Supporters of Libya's unity government hold signs during a demonstration at Martyrs' Square in Tripoli April 1, 2016. REUTERS/Hani Amara(reuters_tickers)
By Ahmed Elumami
TRIPOLI (Reuters) - Libya's self-declared National Salvation government said on Tuesday it was stepping down, just under a week after the arrival in Tripoli of a U.N.-backed national unity government tasked with rebuilding the chaotic country.
The U.N.-brokered unity government has been operating from a naval base as it seeks to establish its authority over Libya after years of factional power struggles following the 2011 fall of autocrat Muammar Gaddafi.
Western powers are counting on U.N.-backed leaders to tackle the threat from Islamic State militants exploiting Libya's anarchy, stem migration across the Mediterranean, and rescue the country's finances by restoring oil production.
Unity government leaders arrived by ship from Tunisia last Wednesday, after the National Salvation government closed Tripoli's air space to prevent them from flying in.
The National Salvation government statement came after a number of ministers met to prepare a peaceful handover of power, a justice ministry official said. It carried the stamp of the government though it bore no names or signatures of ministers.
"We inform you that we are stopping our work as an executive power, as the presidency, members of parliament and ministers of the government," it said.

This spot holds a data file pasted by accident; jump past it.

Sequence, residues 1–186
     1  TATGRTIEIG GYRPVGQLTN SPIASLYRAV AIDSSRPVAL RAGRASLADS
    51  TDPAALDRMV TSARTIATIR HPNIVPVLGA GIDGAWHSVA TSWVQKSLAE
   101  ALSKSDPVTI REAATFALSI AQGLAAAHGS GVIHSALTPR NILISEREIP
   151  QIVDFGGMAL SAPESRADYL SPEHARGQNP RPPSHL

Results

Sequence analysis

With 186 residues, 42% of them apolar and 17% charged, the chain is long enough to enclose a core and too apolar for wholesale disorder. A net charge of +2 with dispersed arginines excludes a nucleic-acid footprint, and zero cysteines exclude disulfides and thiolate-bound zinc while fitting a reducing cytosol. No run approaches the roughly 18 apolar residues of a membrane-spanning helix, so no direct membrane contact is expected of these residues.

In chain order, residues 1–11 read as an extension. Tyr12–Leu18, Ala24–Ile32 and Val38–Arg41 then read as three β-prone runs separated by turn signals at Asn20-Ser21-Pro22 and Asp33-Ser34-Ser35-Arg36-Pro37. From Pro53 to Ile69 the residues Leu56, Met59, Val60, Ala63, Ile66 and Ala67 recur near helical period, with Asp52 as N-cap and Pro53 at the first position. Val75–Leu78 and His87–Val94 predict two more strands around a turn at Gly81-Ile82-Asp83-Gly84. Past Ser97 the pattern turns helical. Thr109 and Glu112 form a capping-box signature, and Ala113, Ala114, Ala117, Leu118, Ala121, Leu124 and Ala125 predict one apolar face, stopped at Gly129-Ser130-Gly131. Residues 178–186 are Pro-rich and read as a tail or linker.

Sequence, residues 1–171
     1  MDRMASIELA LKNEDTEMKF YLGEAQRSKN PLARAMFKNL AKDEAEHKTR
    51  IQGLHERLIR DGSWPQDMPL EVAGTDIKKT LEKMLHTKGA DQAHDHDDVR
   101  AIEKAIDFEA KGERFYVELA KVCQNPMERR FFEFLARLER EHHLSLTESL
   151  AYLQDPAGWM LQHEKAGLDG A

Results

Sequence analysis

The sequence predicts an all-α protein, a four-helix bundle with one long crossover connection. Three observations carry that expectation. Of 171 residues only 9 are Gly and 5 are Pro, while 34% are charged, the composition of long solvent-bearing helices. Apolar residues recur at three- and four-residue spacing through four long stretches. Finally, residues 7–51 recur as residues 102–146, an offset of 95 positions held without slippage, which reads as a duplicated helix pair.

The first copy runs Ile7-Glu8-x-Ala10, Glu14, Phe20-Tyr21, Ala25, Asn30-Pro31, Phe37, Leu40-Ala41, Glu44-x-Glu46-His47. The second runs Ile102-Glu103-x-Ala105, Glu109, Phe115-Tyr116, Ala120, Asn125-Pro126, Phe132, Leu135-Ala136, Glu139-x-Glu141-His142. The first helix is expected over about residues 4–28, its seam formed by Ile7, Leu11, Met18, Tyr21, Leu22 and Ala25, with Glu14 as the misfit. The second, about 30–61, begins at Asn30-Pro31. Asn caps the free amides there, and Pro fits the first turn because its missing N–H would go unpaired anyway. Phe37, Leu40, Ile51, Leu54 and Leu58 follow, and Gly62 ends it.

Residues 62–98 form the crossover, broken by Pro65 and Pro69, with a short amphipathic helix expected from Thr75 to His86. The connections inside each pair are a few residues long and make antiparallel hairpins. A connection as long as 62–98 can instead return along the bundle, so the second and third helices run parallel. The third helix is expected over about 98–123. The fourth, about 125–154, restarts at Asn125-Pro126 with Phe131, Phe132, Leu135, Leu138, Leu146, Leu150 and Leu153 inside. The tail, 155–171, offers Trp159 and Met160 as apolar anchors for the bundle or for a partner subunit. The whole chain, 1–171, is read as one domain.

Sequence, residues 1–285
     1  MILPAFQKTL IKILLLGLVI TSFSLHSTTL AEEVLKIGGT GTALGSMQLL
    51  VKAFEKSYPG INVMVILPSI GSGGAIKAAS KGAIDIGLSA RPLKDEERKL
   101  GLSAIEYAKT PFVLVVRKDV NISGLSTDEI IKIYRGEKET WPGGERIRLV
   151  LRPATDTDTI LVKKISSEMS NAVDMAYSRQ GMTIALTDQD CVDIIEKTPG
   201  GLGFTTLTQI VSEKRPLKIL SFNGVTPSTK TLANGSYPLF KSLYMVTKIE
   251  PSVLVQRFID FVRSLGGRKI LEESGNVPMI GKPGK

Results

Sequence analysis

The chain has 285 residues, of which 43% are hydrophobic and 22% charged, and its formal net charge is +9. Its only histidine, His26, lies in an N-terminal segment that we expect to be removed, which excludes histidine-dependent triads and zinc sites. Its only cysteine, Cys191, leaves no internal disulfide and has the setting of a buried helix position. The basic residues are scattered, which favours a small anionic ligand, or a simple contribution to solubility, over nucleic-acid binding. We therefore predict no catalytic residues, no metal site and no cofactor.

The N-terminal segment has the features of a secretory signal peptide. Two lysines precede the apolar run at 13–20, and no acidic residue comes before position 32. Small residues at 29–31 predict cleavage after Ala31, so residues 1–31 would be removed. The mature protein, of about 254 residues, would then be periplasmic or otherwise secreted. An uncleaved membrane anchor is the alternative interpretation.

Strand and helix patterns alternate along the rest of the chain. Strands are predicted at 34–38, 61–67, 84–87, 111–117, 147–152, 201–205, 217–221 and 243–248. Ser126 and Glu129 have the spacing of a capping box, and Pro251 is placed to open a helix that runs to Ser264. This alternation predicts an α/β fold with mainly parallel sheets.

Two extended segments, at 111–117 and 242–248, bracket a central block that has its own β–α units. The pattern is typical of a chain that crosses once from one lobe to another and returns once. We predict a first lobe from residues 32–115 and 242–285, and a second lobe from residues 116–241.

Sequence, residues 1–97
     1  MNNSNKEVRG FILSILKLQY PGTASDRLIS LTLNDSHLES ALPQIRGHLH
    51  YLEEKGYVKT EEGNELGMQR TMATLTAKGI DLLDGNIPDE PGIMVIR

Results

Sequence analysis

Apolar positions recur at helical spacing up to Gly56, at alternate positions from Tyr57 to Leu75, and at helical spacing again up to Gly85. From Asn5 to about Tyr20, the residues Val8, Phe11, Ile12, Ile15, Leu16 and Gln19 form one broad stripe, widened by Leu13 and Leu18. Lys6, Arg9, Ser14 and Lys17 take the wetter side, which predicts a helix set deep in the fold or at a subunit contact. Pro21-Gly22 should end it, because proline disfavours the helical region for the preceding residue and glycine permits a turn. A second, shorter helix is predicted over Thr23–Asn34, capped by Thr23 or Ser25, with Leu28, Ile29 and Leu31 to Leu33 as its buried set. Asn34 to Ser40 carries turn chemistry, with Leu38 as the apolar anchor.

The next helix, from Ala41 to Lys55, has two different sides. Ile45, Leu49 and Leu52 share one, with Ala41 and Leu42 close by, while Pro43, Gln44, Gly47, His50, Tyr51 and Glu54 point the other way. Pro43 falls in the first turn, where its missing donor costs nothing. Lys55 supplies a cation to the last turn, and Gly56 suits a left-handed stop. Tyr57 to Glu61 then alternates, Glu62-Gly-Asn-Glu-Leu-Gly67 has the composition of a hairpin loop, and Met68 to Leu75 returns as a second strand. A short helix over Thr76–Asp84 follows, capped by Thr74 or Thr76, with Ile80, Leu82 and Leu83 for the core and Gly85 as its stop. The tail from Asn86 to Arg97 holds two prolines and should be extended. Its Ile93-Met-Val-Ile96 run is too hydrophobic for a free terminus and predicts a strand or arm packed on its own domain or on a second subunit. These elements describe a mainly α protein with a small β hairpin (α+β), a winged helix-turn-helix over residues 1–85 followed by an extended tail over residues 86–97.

The National Salvation government took power after a coalition of armed groups supporting it won a battle for control of Tripoli in 2014. A rival parliament and government, backed by a competing coalition of armed factions, moved to eastern Libya.
The new Government of National Accord (GNA) emerged from a U.N.-mediated deal signed in December by figures from both sides of Libya's political divide.
The GNA has faced opposition from hardliners in both the east and west, and has yet to win formal approval from the internationally recognised parliament now based in the east.
However, it is being protected by some of the key armed brigades in the capital and has been working with the Tripoli-based National Oil Corporation and central bank to chart an economic recovery.
(Writing by Aidan Lewis; Editing by Mark Heinrich)